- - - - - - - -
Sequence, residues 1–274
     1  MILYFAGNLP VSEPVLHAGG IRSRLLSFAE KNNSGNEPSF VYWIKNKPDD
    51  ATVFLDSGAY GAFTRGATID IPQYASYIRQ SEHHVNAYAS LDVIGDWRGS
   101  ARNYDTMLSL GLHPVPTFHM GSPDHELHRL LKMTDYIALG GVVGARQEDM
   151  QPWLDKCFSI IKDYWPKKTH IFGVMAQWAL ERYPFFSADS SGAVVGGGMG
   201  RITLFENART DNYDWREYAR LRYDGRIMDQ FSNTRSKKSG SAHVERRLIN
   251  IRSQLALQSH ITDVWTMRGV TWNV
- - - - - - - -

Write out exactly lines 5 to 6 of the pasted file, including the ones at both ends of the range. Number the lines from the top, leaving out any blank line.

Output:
   151  QPWLDKCFSI IKDYWPKKTH IFGVMAQWAL ERYPFFSADS SGAVVGGGMG
   201  RITLFENART DNYDWREYAR LRYDGRIMDQ FSNTRSKKSG SAHVERRLIN